I’m reluctant to write about older women in case it makes people think I’m one of them. After all, why would any woman wish to be associated with the post-menopausal hordes unless she had no choice in the matter? Anyhow, just so you know, I have not yet reached that point. I may be clinging on by my fingernails, but I haven’t yet crossed over to the dark side.
And what a dark side it is. While I don’t quite hope I die before I get old, I’m still desperately praying for an overthrow of the patriarchy before I get my first hot flush. Being an older women is, by all accounts, grim. It’s not just that women in their fifties are hit hardest by the gender pay gap, with most drives for pay parity aimed at their younger countertparts. Nor is it simply that, to quote a recent Guardian correspondent, older women “face daily insinuations in the media that we are ugly”. As women get old, their age is seen to cast a shadow over every contribution they make and every belief they hold.
As shown by the recent furore over Germaine Greer lecturing at Cardiff University, it’s not enough to disagree with an older woman. One must cast her as “a dinosaur” facing “a slow and painful extinction”. Thankfully, we do not have to witness too many of these pathetic creatures on our TV screens. While you can be a man in your 70s and still host mainstream current affairs programmes, the “woman of a certain age” tends to be shown the door (chivalrous as ever, the reporter Michael Buerk likens this process to “pruning the raspberries to make way for new growth”).
It’s a depressing state of affairs. Moreover, I do not think what we are witnessing is simply the intersection of ageism and sexism as separate axes of oppression. Rather, it seems to me that a particular form of ageism is integral to how sexism operates.
As soon as we go through puberty, women are told that the biological clock has started ticking. Regardless of whether or not we can or even want to have children, all of us have been given a sell-by date based around when menopause is assumed to start. It’s not that we then stop being useful; it’s that our usefulness becomes taboo.
According to the rules of patriarchy – a system which seeks both to appropriate the reproductive labour of women and to deny that a woman can do anything but gestate – a woman ought not to outlive her reproductive usefulness. Yet most women do, and for a very long time. What is more, they remain important to society, as workers, carers and thinkers. They hang around for another thirty-odd years, demonstrating that half the human race does not exist merely to be objectified and/or impregnated by the other half. No wonder so much effort has been made to devalue older women, these representatives of female potential whom one cannot even attempt to define solely in relation to men.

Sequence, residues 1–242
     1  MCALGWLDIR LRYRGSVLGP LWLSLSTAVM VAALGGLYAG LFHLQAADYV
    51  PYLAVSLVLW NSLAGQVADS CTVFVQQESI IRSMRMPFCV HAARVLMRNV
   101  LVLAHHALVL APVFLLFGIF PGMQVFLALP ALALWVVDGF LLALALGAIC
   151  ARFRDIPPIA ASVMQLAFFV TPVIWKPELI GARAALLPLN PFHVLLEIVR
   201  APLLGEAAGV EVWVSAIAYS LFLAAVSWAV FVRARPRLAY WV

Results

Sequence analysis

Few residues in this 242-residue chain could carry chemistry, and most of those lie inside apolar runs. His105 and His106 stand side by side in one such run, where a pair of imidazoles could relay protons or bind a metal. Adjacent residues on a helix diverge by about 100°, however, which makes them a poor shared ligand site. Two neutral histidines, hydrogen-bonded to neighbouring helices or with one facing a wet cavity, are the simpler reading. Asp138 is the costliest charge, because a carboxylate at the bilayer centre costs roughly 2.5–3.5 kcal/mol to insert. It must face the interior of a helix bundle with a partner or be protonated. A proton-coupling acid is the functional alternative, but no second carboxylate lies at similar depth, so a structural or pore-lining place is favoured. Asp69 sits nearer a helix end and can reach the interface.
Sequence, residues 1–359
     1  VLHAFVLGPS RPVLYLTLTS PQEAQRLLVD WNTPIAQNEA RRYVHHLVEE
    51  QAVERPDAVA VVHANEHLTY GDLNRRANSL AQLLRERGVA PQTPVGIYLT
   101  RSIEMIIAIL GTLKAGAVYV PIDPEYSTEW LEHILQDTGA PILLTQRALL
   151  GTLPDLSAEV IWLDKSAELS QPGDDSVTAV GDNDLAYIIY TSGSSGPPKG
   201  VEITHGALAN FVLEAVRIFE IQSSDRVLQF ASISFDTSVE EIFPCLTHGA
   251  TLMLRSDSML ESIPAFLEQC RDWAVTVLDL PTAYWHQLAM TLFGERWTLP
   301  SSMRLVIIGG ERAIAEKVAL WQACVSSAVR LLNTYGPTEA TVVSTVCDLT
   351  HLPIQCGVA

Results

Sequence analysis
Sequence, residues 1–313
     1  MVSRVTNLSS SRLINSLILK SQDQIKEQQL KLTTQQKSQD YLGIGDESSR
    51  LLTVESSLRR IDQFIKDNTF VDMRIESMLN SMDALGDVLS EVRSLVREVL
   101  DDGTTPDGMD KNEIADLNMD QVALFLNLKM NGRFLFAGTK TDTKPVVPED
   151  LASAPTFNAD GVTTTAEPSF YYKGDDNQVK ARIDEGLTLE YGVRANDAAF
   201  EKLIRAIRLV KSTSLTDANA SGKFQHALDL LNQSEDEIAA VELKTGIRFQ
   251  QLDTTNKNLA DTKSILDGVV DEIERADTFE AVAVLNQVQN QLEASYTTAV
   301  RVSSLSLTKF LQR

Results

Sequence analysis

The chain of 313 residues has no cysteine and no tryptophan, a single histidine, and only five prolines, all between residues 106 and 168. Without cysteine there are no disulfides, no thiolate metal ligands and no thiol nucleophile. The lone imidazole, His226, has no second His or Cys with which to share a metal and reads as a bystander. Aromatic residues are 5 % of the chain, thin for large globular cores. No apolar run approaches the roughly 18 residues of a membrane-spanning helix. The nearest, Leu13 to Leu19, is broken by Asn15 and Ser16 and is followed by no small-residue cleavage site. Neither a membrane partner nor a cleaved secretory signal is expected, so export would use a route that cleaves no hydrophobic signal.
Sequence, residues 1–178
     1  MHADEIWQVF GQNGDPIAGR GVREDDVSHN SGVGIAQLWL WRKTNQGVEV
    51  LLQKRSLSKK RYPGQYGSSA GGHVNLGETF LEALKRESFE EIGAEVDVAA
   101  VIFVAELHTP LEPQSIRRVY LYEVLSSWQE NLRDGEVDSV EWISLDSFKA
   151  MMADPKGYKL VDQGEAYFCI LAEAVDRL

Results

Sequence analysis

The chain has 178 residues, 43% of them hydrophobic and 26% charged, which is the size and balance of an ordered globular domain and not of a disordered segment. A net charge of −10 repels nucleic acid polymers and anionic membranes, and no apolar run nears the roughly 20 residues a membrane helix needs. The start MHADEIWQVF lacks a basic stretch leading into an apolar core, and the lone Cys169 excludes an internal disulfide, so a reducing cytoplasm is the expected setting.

You would think, then, that younger feminists would champion the cause of older women. “Help the aged”, as Jarvis Cocker sang in a song only some people will remember, “’cos one day you’ll be older too”. To which, alas, the standard younger feminist response seems to be “no, I won’t. I’ll identify my way out of it.” Unfortunately older women have come to symbolise everything that contemporary feminism seeks to deny: biological necessity, the body, the limits of internal self-perception as the sole arbiter of truth. These women let themselves get old! How could they have been so stupid? Ageing is such a deeply unimaginative, essentialist thing to do!
Men are allowed to age. Their lives are not subject to the same schedule and cut-off point. Responding to the “male menopause” means buying a motorbike, getting a tattoo, perhaps taking up jogging. No one expects a man over fifty to disappear into oblivion. He still has something to offer. When young people draw on the work of older men, they do so to add stones to the edifice, or to stand on the shoulders of giants. When they refer to the work of older women, it is to show how out of date it is. Older men are still potent and virile. Older women are barren and intellectually spent. But don’t, whatever you do, draw any parallels between this and the rhythms of human reproduction. Patriarchy might genuinely operate on these terms, but only an ageing harpy would be ill-mannered enough to point it out. Only someone who no longer appears to be of childbearing age could be stupid enough to think that whether or not one appears to be of childbearing age has anything to do with the form of misogyny one experiences.
The tragedy of this is that all women eventually succumb. Not only that, but we’ve trained ourselves to see it as a failing on the part of the women who fell before us. In Of Women Born Adrienne Rich describes how “thousands of daughters see their mothers as having taught a compromise and self-hatred they are struggling to win free of […]. Easier by far to hate and reject a mother outright than to see beyond her to the forces acting upon her.” To distance oneself politically from the older woman is to assume that one will avoid her fate, at least until one becomes aware that a new generation of women are now distancing themselves from you. You discover, too late, that there is no way of ensuring that no one will notice you have body that is both female and getting older. Take whatever measures you like – from over-priced night creams to over-wrought self-definitions – but people will still know.
The denigration of older women cannot be a niche concern because, unless we are very unlucky, each of us will get old. Nor can we assume that we will be “better” old women, earning a place at the table unlike those bigoted old biddies who apparently deserve everything they get. Right now feminism and patriarchy seem to be in agreement about the point at which all women lose value. That leaves a very long time in which to be considered worthless. If we don’t speak up now, we shouldn’t be surprised if no one is listening when we most want to be heard.